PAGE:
Thrown by accident on a steamer loaded with Greek pilgrims, he found work to do, and he did it here as everywhere, on his Master's service. He seemed at once to know the case of every family and group among them; and though many were uncouth and by no means gentle in their manners, he was rapidly recognized by all, or most of them, as a good pastor, and was unwearying in his attention, especially to the sick and suffering, of whom there were not a few. When we came out from Beyrout to run down the Phoenician coast, we met a sirocco, and there is no storm more trying. Hot and fierce, the wind seemed to cut off your breath as with a red-hot sword, and all day long the blue seas went over the ship, half-drowning the miserable pilgrims who lay huddled in masses all over the deck. It was a brief luxury of rest when we ran under the lee of Mount Carmel and dropped anchor for an hour or two at Haifa.
It is memorable now, in connection with what afterwards occurred, that we talked that evening of pilgrimages. He was making the pilgrimage. He had never seen Jerusalem, and was now devoutly going to the Sepulchre. Across the plain of Esdraelon, which touches the sea near Haifa, we looked at the huge slopes of Lebanon, and I tried to point out to him, among more distant mountains, the peaks of Tabor and Gilboa, the hills that are around Nazareth, and the dark summit of Little Hermon, which looks down on the blue beauty of the Sea of Galilee. And then we talked of pilgrims in old times, in all the ages, and spoke especially of the exceeding bitterness of their disappointment who, after long journeys across Europe and over the sea, reached the gates of Jerusalem, and when the Saracens forbade their entrance, lay down and died under the very walls, never having seen the Sepulchre.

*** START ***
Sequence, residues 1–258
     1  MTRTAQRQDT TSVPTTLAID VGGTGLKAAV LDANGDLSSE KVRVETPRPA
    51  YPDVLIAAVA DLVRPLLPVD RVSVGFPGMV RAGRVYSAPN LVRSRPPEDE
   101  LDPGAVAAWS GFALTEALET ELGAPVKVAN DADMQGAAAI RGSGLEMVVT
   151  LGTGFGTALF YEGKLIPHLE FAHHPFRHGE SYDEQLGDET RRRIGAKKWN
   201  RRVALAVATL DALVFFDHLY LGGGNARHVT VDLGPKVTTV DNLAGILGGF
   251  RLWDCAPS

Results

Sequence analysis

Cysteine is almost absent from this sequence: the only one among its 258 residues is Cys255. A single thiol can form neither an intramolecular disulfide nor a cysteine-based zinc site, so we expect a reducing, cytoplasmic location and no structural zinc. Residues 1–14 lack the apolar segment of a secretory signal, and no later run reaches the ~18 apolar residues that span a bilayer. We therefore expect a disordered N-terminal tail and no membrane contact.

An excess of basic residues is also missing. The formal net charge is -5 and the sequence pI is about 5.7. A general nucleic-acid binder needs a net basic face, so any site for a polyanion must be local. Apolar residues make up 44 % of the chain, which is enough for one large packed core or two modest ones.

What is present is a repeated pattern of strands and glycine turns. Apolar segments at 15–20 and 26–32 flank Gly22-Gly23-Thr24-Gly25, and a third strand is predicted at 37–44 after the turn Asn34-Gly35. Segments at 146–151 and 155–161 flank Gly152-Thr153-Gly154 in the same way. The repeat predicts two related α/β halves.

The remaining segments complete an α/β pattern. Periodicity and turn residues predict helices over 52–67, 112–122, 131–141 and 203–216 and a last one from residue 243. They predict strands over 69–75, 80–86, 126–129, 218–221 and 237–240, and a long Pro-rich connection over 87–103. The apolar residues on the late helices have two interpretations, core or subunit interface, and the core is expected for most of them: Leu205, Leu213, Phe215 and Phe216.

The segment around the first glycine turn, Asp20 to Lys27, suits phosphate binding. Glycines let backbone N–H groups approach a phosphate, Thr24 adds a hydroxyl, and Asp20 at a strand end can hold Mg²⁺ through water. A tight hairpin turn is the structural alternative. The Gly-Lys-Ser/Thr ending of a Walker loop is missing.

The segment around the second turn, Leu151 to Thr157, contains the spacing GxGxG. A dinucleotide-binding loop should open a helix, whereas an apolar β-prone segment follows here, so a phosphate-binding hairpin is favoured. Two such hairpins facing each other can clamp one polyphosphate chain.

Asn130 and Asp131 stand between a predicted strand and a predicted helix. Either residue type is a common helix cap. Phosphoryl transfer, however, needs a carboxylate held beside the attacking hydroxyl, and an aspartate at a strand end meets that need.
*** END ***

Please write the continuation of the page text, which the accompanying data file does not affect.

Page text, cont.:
The sun went down in white dust, the desert sand of Arabia flying over the sea before the sirocco, and the ship again plunged into the face of the tempest. In the morning at daybreak we anchored in the roadstead off Jaffa, two miles or so from the shore, and the first fierce jerk of the ship at her chain threatened to hurl everything out of her. What an anchorage that was! A tremendous sea was running. Under ordinary circumstances the captain would not have anchored, but would have gone on with his passengers to Alexandria. This is sometimes, often, the luck of those who seek to reach Jerusalem. But it lacked only a few days of the Greek Easter, the great day of the pilgrimage, and if carried on to Egypt, these hundreds of poor pilgrims would miss the chief object of their long journey. So the good Austrian officer anchored, and fired cannon to tell the Jaffa boatmen that it was for them to decide whether they would take the risk of coming out through the surf on the reef. We rolled and plunged and waited. About nine or ten o'clock, the wind seeming to draw a little more directly off shore, the shore boats began to appear and disappear, rising and falling on the great waves as they came towards the ship, and at length were alongside. It was a fearful business to get into them, the steamer rolling over almost on her beam ends at every sea. With long delay and much danger, boat after boat received a load of pilgrims and luggage, and one after another went tossing shoreward and safely passed the opening in the reef.